- Urban Planner:Jean-Pierre. Pranlas- Descours
- Landscaper:Atelier Bruel-Delmar
- Joint Development Zone Developer:Soreli
- Safety Assessment And Inspection:Veritas
- Team:Paolo Tarabusi, M. Del Gaudio, A. Benarroche, I. Feltrin, M. Kopecky, A. Raffaelli
Text description provided by the architects. The Doge, a 5,100 square meter office building, intended to welcome young startups, is situated in the joint development zone of Rives de la Haute Deûle in Lille, in the heart of EuraTechnologies. The architectural competition in 2011 imposed a strict limitation, requiring the use of terracotta, historic materials from the immediate surroundings and the region. The structure designed by Atelier Tarabusi, and handed over in 2017, proposes an unexpected, inventive and pertinent architectural approach. Just across from the old Le Blan-Lafont factory, the environment is characterized by the presence of large industrial buildings, which are either rehabilitated or undergoing transformation; and by the small scale strips of workers housing.
More recently, urban planning linked to the Haute Deûle joint development zone has introduced a rich array of intermediate-size structures to the area. With a few exceptions, only one material, terracotta, available in various forms, unifies and connects the different volumes, programs and periods, within this urban diversity. Eager to offer something other than a brick-clad concrete building, Paolo Tarabusi’s unique design choice was to make use of a line of building elements from “monolithic” terracotta, sorts of one story high, giant hollow bricks, typically used for farm buildings and individual houses.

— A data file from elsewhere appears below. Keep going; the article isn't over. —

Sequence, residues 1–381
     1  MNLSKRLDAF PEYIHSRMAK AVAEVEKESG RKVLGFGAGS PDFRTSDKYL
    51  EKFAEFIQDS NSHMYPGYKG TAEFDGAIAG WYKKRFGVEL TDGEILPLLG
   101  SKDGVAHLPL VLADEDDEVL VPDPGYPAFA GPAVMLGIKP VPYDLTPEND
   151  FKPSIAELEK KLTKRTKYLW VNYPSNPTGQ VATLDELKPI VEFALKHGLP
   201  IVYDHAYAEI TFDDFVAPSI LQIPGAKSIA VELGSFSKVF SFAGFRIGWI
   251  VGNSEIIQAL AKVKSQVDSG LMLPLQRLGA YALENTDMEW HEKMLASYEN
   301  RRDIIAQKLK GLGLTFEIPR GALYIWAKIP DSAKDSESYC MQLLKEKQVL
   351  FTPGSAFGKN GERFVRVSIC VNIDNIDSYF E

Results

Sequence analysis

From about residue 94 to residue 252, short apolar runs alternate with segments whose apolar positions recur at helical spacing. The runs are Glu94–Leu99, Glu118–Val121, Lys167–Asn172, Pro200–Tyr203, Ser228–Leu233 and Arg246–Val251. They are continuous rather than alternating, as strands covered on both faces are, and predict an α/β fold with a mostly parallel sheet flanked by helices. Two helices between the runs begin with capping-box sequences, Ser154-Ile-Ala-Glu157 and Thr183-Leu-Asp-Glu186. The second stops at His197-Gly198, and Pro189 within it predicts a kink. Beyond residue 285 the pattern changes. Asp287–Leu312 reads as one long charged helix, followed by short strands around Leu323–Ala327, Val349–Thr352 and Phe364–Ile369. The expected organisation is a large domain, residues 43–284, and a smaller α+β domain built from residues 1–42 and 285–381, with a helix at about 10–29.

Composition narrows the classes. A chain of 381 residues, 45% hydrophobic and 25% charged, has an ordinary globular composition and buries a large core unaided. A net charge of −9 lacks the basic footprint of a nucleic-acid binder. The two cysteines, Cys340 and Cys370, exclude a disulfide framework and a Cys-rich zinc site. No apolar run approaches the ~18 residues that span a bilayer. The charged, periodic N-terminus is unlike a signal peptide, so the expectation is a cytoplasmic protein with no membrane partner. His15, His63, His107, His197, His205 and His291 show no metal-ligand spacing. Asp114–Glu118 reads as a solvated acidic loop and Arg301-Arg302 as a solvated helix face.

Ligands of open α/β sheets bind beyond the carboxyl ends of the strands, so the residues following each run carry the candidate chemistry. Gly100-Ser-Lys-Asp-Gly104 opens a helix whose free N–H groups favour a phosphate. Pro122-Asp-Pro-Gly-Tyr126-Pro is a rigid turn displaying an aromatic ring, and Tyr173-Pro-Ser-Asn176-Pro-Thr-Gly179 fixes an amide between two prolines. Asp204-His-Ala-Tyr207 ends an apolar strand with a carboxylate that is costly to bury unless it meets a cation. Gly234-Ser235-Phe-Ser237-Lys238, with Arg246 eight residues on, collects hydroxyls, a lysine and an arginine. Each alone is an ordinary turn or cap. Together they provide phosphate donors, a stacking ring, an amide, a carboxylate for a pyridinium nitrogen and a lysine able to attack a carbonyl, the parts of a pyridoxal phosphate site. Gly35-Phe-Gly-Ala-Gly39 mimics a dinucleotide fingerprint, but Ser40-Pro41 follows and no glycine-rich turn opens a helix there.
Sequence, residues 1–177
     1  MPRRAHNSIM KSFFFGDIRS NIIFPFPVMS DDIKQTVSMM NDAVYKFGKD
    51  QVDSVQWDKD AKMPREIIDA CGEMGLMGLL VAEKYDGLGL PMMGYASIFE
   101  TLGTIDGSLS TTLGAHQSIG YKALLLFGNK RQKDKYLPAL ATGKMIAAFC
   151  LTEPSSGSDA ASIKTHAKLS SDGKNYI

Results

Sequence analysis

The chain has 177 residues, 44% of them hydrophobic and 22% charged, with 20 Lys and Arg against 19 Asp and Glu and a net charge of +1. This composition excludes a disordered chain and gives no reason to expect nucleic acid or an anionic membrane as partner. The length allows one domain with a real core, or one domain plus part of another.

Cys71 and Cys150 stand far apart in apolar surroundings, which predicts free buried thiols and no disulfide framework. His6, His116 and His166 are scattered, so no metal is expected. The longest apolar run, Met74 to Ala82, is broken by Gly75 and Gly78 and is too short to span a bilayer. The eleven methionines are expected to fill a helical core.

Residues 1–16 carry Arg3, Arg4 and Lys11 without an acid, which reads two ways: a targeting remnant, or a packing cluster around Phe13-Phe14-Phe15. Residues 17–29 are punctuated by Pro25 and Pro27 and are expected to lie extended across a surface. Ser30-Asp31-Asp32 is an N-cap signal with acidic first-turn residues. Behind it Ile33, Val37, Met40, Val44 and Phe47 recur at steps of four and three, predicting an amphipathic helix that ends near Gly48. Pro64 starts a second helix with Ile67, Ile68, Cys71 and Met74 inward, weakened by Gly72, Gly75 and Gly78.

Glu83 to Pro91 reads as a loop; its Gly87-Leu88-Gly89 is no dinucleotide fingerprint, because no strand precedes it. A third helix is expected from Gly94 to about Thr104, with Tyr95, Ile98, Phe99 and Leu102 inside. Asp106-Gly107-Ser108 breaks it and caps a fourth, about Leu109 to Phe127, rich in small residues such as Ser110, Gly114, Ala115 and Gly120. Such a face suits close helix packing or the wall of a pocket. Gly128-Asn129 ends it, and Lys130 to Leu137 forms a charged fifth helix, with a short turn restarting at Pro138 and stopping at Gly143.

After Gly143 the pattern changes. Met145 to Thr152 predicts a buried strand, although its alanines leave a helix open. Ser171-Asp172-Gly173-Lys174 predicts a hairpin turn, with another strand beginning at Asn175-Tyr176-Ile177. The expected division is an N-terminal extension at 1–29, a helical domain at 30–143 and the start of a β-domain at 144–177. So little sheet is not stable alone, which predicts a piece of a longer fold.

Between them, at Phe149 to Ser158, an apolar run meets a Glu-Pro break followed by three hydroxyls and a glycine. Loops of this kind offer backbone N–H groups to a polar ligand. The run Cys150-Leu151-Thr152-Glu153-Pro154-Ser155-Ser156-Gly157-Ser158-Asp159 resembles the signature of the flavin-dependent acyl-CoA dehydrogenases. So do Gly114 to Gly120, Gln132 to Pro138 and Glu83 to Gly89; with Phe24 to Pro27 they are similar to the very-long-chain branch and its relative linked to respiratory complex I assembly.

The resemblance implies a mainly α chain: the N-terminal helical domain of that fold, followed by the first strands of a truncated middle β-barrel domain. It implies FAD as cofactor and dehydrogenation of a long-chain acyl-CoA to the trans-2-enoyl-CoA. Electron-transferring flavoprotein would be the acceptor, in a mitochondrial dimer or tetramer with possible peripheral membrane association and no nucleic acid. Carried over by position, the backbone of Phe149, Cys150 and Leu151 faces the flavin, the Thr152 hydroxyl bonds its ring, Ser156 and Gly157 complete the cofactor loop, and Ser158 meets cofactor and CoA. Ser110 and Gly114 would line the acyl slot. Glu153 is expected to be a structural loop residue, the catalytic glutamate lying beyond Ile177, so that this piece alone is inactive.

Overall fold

In collaboration with the manufacturer, and through some minimal adjustments in the production chain, a 33 x 20 x 280-centimeters bricks were designed and produced for this project. 1,500 self- supporting, bricks, evenly separated by as many glass panes, give the facade its rhythm, its porous appearance, and its both massive and perforated look. An ingenious assembly system allowed to quickly install the dry bricks, with neither mortar nor supporting framework, all in keeping within the project’s economic boundaries. Corresponding to the floor-to-floor height of the office area, the facade design is completed by a strip of white prefabricated concrete, at each floor slab edge, evoking the stone integrated into the brickwork in the local traditional architecture.
Due to their spacing, the bricks produce shadows upon the facade, which keep the buildings from overheating in the summer. The thermic inertia of the concrete floors and the wooden paneling of the inner walls also contribute to user comfort throughout the year, of these “industrial-looking” offices, which are without air conditioning, suspended ceilings, or raised floors. Construction began in January 2016. The first building was handed over in January 2017, the second in June 2017. By transforming the use of a building material, in a place where everything seems to have already been said and done, Paolo Tarabusi establishes a link between the building and the history of the site, while still affirming the building’s contemporaneity.